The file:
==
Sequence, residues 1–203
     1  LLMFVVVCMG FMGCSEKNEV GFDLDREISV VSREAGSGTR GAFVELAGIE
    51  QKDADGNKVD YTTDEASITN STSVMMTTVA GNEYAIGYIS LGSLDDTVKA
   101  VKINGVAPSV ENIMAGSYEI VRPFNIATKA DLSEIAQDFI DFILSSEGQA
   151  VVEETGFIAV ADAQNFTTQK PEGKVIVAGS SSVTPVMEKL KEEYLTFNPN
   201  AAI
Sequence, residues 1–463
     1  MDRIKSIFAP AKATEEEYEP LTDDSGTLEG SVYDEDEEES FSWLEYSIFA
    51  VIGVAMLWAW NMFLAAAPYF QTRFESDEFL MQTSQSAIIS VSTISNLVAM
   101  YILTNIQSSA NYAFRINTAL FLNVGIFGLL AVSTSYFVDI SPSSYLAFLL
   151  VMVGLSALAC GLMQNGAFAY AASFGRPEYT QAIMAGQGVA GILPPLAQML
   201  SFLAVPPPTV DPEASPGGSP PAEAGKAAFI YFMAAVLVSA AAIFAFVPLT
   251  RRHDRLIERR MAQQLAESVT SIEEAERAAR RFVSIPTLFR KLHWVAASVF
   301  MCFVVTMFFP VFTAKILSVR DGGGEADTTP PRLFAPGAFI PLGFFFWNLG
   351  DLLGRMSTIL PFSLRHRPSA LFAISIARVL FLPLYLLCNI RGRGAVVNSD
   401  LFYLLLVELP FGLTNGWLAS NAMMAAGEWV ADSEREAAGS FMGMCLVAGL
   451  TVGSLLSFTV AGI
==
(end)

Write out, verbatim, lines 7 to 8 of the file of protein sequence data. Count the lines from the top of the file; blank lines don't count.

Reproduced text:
Sequence, residues 1–463
     1  MDRIKSIFAP AKATEEEYEP LTDDSGTLEG SVYDEDEEES FSWLEYSIFA